Remember Enron – that Texas based company with 7,500 employees in its Houston headquarters and over $60 billion in claimed assets which filed for Chapter 11 bankruptcy protection in . . . New York? Perhaps you noted where the “Los Angeles” Dodgers organization more recently filed its Chapter 11 reorganization petition . . . some 2800 miles away in Delaware. How is it, you might ask, that a company like General Motors, with employees, vendors and retirees all over the State of Michigan, can seek Ch. 11 relief in a Manhattan bankruptcy court?
The answer lies in Section 1408 of Title 28 of the United States Code which currently provides many corporations with several options on where to file for Chapter 11 bankruptcy relief. Specifically, the statute allows corporations to file in 1) the state where it is incorporated; 2) the state where it is headquartered; 3) the state where it has its principal assets; or, 4) a state where a corporate affiliate’s bankruptcy case is already pending. Its no secret to the corporate and legal communities that Manhattan and Wilmington are business friendly venues which have enacted rules to ease Chapter 11 filings for corporations. Add to each district a concentration of talented business bankruptcy lawyers, and sophisticated companies would be foolish not to consider either locality for the bankruptcy relief sought.
But is this fair? Should corporate debtors be permitted to forum shop for a venue with favorable judicial precedent for businesses? Should large Chapter 11 bankruptcy cases be concentrated in two judicial districts in the North East? Do stakeholders and other interested parties loose out when their claims are presented and heard in a far-away bankruptcy court? Should bankruptcy be convenient for large corporations while employees, creditors and the community in which the debtor operates feel removed or out of touch with the reorganization process?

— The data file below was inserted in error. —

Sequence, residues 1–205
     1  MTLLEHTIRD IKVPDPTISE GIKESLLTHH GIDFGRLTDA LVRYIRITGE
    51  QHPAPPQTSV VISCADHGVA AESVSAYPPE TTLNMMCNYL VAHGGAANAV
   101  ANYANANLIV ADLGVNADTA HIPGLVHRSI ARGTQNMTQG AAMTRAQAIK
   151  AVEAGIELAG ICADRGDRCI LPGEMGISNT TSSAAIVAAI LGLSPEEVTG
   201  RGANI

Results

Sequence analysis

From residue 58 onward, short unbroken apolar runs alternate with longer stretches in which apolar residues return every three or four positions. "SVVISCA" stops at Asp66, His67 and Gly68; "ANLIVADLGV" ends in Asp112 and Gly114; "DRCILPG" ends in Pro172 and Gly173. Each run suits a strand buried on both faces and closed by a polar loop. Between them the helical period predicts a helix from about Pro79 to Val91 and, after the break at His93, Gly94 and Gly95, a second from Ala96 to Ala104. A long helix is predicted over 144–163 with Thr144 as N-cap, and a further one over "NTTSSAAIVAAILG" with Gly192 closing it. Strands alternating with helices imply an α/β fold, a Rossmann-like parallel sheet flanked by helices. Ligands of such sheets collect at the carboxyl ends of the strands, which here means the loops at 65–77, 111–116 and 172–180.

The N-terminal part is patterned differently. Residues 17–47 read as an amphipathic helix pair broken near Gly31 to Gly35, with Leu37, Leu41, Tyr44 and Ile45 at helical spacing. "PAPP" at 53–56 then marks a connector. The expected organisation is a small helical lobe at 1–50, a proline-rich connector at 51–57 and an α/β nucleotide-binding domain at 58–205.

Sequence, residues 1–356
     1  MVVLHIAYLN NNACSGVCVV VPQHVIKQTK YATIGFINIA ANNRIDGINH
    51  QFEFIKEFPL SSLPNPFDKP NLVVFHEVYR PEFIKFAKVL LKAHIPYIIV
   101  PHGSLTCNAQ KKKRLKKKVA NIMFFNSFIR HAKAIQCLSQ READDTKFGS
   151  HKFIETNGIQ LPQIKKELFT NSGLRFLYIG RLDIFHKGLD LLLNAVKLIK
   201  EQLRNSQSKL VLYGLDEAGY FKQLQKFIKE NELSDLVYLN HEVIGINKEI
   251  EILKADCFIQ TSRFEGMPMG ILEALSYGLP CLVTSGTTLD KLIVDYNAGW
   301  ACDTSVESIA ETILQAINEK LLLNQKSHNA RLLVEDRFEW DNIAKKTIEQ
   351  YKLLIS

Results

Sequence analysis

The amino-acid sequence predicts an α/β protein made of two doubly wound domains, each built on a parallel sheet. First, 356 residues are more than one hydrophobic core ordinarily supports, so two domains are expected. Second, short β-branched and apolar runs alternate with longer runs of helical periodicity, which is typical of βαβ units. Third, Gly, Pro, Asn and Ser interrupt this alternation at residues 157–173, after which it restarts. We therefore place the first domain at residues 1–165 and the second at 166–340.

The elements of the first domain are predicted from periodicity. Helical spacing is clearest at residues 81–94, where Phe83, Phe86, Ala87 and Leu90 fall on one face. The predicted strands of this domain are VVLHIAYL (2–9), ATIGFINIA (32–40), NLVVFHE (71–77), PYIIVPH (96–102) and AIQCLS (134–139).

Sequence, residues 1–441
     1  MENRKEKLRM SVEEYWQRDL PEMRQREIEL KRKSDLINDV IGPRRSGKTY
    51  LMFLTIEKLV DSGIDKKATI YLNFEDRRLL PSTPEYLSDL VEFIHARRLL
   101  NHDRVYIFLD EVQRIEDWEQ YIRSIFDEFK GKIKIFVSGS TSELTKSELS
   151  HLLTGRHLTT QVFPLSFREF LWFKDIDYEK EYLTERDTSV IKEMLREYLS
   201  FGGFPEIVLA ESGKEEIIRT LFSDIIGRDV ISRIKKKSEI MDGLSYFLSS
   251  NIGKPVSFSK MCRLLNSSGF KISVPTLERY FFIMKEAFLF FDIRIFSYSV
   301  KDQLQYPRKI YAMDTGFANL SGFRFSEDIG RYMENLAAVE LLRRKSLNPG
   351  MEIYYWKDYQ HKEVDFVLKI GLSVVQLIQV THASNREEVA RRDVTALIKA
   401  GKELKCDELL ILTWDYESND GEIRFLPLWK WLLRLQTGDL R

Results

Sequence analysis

Enter H.R. 2533 – the “Chapter 11 Bankruptcy Venue and Reform Act of 2011” – The Bill which proposes to amend Section 1408 to require corporate debtors to file for Chapter 11 where they have: 1) their principal place of business, or; 2) their principal assets. The act was introduced in July 2011 by House Judiciary Committee Chairman Lamar Smith, R-Texas, and is co-sponsored by the Judiciary Committee’s ranking Democrat, Rep. John Conyers Jr., D-Mich. The bill appears to be gaining support and may well be brought up for a vote in the House this Spring. Proponents of the legislation say it would level the playing field by shifting cases to cities across the country and into the districts where the needs of those most directly affected are not overlooked or ignored, while also reducing the costs of these bankruptcy cases to everyone involved. Advocates also maintain that the change in the law would result in a transfer of hundreds of millions of dollars in revenues from New York and Delaware based law firms to local and regional bankruptcy practices in other major cities. Those opposed to the legislation argue that these established venues have developed an efficient process for handling such Chapter 11 bankruptcy cases, giving the debtors the best possible chance at an effective reorganization which, of course, is one of the primary goals of the bankruptcy code.